Guarded reactions to Europe’s new energy policy

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Brussels stakeholders are generally encouraged by EU heads of states’ endorsement of a new energy policy for Europe but guard against optimism, saying political actions must now follow.

EU employers’ organisation UNICE commended EU leaders for adopting the strategy, but said the priorities should now be “to establish market competition, ensure energy supply and take into account the link between energy and CO2”. 

The European association of chambers of commerce and industry, Eurochambres says it “applauds the decisions taken concerning an energy policy for Europe” but says the new policy “should also acknowledge the needs of enterprises, in particular SMEs”.

“Much more needs to be done in terms of raising awareness among smaller companies about energy efficiency, and forecasting their future needs and costs,” says Eurochambres.

The European Wind Energy Association (EWEA) welcomed the summit’s reference to a 15% target for renewable energies in 2015 as “a cautious step in the right direction” but noted that it “does not constitute a long-term commitment”. “Long-term targets are important for the European wind energy sector because they would provide a strong signal of commitment to investors and encourage them to commit risk capital while enabling a stable technology development and cost reductions,” says EWEA. 

EuropaBio, the association of the European biotech industry, welcomed the suggestion made by EU heads of states to increase the share of biofuels to 8% by 2015. “EuropaBio advocates the use of biomass as a renewable energy source” as a way to unlock “the under-used resources of agricultural and forestry waste”. EuropaBio points out that “creating an EU market for biofuels offers an opportunity to develop alternative farm incomes” with local producers contributing to increasing Europe’s energy self-sufficiency.

WWF, the global conservation organisation, welcomed the summit’s endorsement of a new energy policy for Europe but highlighted “the need to establish a level playing field among all actors on the market”.  

“True liberalisation with transparent prices, together with a harmonised and independent power grid will enable renewable energies and more efficient energy to enter the supply chain,” says Stephan Singer, Head of the Climate and Energy Unit at WWF.

The WWF also points to subsidies for fossil fuels, which it estimates at 24bn euros per year in the EU-15 alone. “If only a fraction of these sums would be reinvested in energy efficiency and renewable energies, the EU would easily be able to cut carbon dioxide emissions by 30 per cent by 2020 and lead the world in the fight against climate change,” says Singer.

Mahi Sideridou, EU climate and energy policy director at Greenpeace in Brussels, was encouraged by the summit’s outcome, saying “It is a welcome day when EU leaders recognise that a future without renewable energy is no future at all.” She called on the Commission to follow suit on summit suggestions by tabling concrete proposals for long-term renewable energy targets as soon as possible.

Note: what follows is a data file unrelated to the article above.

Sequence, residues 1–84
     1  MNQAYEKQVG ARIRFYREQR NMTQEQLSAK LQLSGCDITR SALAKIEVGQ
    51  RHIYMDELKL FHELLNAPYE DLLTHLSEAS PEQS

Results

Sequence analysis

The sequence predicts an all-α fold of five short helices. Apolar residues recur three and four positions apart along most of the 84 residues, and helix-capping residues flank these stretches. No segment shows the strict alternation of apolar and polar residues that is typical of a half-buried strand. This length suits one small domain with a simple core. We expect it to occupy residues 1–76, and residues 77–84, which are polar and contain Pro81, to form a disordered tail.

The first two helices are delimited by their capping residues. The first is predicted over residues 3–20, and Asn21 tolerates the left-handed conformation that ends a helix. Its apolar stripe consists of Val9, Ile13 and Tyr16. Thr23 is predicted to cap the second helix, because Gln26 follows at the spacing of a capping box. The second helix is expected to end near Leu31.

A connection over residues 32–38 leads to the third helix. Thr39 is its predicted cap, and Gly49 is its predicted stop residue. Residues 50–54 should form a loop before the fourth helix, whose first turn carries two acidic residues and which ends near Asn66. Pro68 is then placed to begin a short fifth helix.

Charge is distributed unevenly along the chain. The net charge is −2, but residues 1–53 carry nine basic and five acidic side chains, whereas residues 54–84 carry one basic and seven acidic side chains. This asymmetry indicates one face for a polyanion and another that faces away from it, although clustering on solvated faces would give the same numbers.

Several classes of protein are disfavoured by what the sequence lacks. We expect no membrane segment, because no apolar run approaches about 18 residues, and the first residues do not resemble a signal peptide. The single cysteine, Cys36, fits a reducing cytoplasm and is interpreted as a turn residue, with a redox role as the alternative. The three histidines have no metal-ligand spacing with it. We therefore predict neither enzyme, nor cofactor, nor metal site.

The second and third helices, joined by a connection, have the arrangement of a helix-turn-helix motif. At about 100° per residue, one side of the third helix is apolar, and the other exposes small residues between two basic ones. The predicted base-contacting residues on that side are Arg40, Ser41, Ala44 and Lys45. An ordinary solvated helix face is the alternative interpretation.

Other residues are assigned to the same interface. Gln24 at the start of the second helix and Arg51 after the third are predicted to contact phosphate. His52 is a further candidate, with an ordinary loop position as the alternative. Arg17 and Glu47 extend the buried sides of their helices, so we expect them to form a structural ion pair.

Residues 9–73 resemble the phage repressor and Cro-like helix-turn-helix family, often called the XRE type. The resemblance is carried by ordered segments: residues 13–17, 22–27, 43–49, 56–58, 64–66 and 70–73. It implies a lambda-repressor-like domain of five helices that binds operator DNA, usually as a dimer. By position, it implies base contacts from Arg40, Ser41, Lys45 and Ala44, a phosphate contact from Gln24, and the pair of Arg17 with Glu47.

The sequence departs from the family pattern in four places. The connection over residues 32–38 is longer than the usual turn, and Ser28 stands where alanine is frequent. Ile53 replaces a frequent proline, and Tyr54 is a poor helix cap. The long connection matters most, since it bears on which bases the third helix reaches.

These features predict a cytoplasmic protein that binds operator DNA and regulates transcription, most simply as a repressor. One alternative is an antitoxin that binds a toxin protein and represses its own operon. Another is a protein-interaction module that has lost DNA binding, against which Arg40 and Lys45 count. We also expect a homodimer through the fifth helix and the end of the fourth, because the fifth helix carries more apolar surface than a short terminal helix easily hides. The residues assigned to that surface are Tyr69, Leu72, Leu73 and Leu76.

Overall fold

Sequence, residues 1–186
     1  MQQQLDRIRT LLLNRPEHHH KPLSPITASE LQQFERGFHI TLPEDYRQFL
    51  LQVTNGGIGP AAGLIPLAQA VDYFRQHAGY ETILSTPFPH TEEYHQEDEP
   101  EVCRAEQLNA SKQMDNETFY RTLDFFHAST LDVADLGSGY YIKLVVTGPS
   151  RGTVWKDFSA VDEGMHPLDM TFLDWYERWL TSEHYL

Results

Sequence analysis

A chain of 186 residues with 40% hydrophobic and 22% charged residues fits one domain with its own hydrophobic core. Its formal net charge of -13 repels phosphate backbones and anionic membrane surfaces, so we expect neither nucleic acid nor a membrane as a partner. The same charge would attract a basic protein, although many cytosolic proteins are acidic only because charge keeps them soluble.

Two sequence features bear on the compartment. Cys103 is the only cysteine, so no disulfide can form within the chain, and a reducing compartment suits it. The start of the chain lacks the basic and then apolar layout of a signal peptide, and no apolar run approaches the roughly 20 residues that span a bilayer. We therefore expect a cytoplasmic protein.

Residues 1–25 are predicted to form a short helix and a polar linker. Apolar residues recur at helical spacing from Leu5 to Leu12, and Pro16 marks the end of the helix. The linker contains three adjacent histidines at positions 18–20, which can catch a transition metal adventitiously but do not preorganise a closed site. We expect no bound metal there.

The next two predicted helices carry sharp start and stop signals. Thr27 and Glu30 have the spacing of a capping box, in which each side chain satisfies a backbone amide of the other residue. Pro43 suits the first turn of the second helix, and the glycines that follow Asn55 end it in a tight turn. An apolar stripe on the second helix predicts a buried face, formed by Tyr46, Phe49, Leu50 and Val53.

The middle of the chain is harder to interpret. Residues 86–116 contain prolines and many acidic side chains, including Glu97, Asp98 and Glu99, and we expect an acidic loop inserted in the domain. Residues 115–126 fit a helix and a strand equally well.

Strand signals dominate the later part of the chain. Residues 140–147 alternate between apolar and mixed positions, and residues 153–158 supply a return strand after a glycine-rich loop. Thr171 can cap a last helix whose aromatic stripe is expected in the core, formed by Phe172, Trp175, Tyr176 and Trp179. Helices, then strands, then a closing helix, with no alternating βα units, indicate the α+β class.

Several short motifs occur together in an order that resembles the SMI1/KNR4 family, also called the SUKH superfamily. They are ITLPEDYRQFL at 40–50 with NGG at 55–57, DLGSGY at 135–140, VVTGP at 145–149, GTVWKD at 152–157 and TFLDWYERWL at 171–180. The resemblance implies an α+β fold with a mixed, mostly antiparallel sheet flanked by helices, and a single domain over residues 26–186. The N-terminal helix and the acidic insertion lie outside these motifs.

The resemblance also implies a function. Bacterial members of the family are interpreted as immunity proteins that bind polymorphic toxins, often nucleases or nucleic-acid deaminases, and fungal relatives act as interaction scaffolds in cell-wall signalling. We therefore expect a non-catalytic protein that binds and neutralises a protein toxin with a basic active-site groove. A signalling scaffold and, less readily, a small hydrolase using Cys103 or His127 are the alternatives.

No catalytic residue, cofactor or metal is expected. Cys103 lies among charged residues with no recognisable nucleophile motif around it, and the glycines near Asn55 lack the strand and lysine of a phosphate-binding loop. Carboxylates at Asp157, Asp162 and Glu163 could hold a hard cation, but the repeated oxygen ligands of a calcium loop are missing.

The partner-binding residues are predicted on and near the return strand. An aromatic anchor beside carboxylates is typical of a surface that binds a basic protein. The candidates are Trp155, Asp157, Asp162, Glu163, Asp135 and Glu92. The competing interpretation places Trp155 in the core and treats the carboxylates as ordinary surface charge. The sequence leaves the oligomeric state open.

In the European Parliament, most political groups adopted a ‘wait and see’ attitude. 

The Chairman of the centre-right EPP-ED Group in the European Parliament, Hans Gert Poettering MEP (Germany), described the outcome of the summit as generally positive but said “one had yet to wait [and see] whether political actions would follow these declarations, leading to concrete results.”

Liberal-Democrat leader Graham Watson (ALDE, UK), said that the summit conclusions “if fully implemented, represent a reasonable response to the current challenges to our economy and energy needs”. But he added that the relatively positive result was “made possible only by avoiding the more controversial, though necessary, debate on the recent resurgence of economic nationalism”.

“Member States are their own worst enemies once they leave Brussels and return to their national capitals,” said Watson.

The Greens/EFA group was more critical, describing the summit’s conclusions on energy policy as “a fudge”. “The summit has completely avoided the current energy market mess. All the benefits from the supposed liberalisation of gas and electricity markets are going to the pockets of a handful of energy companies and their shareholders,” said Claude Turmes MEP (Luxembourg). On a more positive note, Turmes welcomed the summit’s acknowledgement of the need for longer-term commitment on renewable energies and its call for a 20% rise in energy efficiency. “We […] hope that the Commission and the Member States will match the rhetoric with real action,” Turmes said.

The Spring European Council on 24 March endorsed a new 'Energy Policy for Europe' focusing on three objectives: supply security, economic competitiveness and environmental sustainability (EURACTIV, 24 March 2006). The summit discussions were based on Commission suggestions presented in a Green Paper on 8 March (EURACTIV, 9 March 2006) and on input from EU energy ministers a week later (EURACTIV, 15 March 2006).

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